Big Man Japan

big-man-japan

3.0 out of 5 stars Beware the Big Man Japan!

If you aren’t fairly familiar with modern Japanese comedy then you are probably going to miss a lot of what “Big Man Japan” has to offer. For example, “Downtown” is not a name that is going to mean much to most Americans, but they are a phenomenal comedy-duo that are incredibly influential and whose style dominates much of modern Japanese comedy. Think Monty Python’s Flying Circus, The Second City Theatre, or Saturday Night Live.

“Big Man Japan” (Japanese title “Dai-Nipponjin” or “Giant Japanese Person”) is “Downtown” member Matsumoto Hitoshi’s big screen debut as both a staring actor and a director. Much of the humor is in his trademark style, and he brought along plenty of famous friends for cameos, although noticeably missing is his “Downtown” partner Masatoshi Hamada.

The film is done in a mockumentary-style, following the life of slacker Daisatou Masaru who has inherited his power to grow to an enormous size from his father and his now-senile grandfather, both who previously served as “Big Man Japan.” Masaru draws a government salary to protect Japan from the various Godzilla-like monsters that attack from time to time, but his heart isn’t really in it. The public mocks him and complains about the property damage and environmental aspects of his battles. His manager sells advertising space on his giant body. Things just aren’t going well.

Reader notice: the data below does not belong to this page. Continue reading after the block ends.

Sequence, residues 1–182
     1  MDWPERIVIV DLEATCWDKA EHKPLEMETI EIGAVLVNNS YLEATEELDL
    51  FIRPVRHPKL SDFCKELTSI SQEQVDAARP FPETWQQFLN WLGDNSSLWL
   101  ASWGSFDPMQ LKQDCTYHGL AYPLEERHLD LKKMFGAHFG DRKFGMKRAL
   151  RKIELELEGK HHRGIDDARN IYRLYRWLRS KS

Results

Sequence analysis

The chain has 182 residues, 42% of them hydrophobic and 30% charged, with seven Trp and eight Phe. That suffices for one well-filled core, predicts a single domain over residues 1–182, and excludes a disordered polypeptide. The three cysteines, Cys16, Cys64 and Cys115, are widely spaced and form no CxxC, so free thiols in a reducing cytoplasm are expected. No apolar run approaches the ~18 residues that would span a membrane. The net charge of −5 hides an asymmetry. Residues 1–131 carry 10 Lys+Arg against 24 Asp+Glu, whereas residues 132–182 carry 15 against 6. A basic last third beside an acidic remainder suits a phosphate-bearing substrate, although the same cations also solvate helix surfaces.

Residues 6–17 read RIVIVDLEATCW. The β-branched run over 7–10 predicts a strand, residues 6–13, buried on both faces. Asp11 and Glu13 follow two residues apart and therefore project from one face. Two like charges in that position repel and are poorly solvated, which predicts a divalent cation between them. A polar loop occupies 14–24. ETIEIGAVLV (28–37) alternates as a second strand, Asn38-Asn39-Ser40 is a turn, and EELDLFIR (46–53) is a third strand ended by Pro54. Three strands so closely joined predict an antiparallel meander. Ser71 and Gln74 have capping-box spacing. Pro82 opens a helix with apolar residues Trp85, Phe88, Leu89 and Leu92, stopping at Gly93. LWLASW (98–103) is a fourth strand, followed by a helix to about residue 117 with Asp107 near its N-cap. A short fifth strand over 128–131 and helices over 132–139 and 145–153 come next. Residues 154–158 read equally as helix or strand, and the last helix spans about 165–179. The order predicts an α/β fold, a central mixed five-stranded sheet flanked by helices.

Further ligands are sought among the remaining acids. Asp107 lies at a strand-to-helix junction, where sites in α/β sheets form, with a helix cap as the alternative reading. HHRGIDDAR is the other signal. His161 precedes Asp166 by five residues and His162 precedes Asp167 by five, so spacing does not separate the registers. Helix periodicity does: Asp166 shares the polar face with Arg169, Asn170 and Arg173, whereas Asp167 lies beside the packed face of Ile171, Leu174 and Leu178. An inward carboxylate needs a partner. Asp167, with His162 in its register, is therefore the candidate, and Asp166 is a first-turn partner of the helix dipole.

Most of the first part of the film is just following Masaru around, looking in on his daily life, dingy apartment and how he looks after his senile grandfather. When duty calls, however, he swells up to battle the monster-of-the-week (many of whom are the aforementioned cameos of famous friends), sometimes managing to beat the monster away but sometimes getting it handed to him. The final sequence goes to even more left-field, as Big Man Japan gets to live his dream by joining the Ultraman squad, and all pretense of story goes out the window.

All of the monsters are CGI, and they are intentionally done in a cheesy manner. Like the bad special effects on shows like “Saturday Night Live,” much of the humor comes from how terrible and unrealistic the special effects are, and from seeing famous comedians morphed into giant versions of themselves. Other than these big flashes, the humor is done in a deadpan-style, and it isn’t a fast-paced movie until the final payoff in the end.

I really enjoyed “Big Man Japan,” but I think this is because I lived over in Japan for several years and am a huge fan of “Downtown.” Like the film Takeshis, which also was cameo-ridden, this just isn’t something that was made for the overseas market, and I think if I was seeing it cold then I wouldn’t have enjoyed it. Fans of pure absurdity will probably get a kick out of it, and people who enjoy a good man-in-suit giant monster movies like The Super Robot Red Baron and All Monsters Attack might find something good here too. Otherwise, it is probably going to be a snoozer for you.

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